The Circle’s a must for Google, Facebook users

Anyone who uses Google, Twitter or Facebook – and that’s practically everybody – needs to read The Circle by Dave Eggers. Fiction, but a chilling possible look into our future. Good book.

Actually, I am quoting somebody else to give my own views on The Circle, Dave Eggers’ 2013 novel. It is 1984 updated, with a Google-like company playing Big Brother’s role.

I thought it would be apt to use social media to review a book about social media. So here you see what others have been saying about the book on Twitter, Google Plus and in newspaper reviews.

Eggers was asked in a brief interview with McSweeney’s, a magazine he cofounded: “Is this book about Google or Facebook or any particular company?”

“No, no,” He replied. “The book takes place after a company called the Circle has subsumed all the big tech companies around today. The Circle has streamlined search and social media into one system and that’s enabled it to grow very quickly in size and power.”

That’s what he said, but readers will be very much reminded of Google and Facebook – especially Google. The Circle resembles Google in many ways: It is big on search and social media, has three men at the top, and even the company name is reminiscent of the Circles on Google+.

I love Google – the search more than the social media element – but there is no denying internet giants like Google and Facebook are getting to know an awful lot about us. If you are old as me, you will remember when people worried about online privacy. Now people can – and do – talk about everything on Facebook, Twitter and Google+.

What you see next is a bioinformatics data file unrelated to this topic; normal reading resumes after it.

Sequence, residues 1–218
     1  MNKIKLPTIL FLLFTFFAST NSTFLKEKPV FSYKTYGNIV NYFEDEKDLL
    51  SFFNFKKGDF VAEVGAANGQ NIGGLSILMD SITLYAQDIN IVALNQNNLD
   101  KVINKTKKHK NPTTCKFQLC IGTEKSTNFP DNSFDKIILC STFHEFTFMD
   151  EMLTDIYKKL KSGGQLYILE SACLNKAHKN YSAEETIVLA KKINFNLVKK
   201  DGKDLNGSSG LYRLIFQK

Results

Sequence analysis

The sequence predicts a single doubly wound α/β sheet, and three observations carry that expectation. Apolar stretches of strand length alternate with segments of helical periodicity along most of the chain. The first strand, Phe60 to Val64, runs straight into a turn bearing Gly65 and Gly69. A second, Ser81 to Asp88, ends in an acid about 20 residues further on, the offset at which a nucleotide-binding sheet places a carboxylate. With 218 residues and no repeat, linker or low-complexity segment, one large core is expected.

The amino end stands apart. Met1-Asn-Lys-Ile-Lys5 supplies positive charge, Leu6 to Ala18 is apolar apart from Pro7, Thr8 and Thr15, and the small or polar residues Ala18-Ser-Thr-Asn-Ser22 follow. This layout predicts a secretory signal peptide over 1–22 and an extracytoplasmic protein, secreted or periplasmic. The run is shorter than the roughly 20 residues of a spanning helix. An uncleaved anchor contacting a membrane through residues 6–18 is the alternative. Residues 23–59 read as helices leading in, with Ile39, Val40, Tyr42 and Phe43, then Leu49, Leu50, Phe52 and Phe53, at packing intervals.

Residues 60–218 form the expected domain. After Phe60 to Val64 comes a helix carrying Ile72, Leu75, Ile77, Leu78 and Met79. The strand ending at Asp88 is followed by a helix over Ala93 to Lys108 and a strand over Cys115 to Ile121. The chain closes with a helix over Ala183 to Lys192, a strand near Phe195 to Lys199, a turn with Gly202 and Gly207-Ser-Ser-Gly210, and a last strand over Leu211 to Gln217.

The consequences can be both embarrassing and dangerous. For example, here’s a Times of India report about people being arrested or browbeaten for criticizing the new Indian prime minister, Narendra Modi. (He came to power with a landslide majority last month.)

The Circle is not a literary novel. You will be disappointed if you look for beautiful images and fine turns of phrase. Mae Holland, the main character who joins the Circle, is not in the least lovable. Embracing the company’s philosophy that one should have no secrets, no private life, that one should reveal everything on social media, she comes up with the following words:

SECRETS ARE LIES
SHARING IS CARING
PRIVACY IS THEFT

Shades of Orwell?

The consequences for Mercer, her ex-boyfriend who hates social media and vainly tries to protect his privacy, are tragic.

Some may find the book preachy or didactic.

But it’s worth reading because it captures the world of social media so well. Heavy users of Facebook or Twitter will be able to identify with Mae as she goes through the zillions of messages in her network.

Enough said. Over to others.





And here’s a sampling of book reviews.

The Circle is Dave Eggers’s tenth work of fiction, and a fascinating item it is.

Margaret Atwood in The New York Review of Books

The first line in the book is: “ ‘My God,’ Mae thought. ‘It’s heaven.’ ”

And so we know that the Circle in Dave Eggers’s new novel, “The Circle,” will be a hell.

The New York Times

The Circle is as much Google as it is Facebook (though it officially stands in for neither, as the Circle is supposed to have succeeded them).

The New Yorker

The Circle is a deft modern synthesis of Swiftian wit with Orwellian prognostication.

The Guardian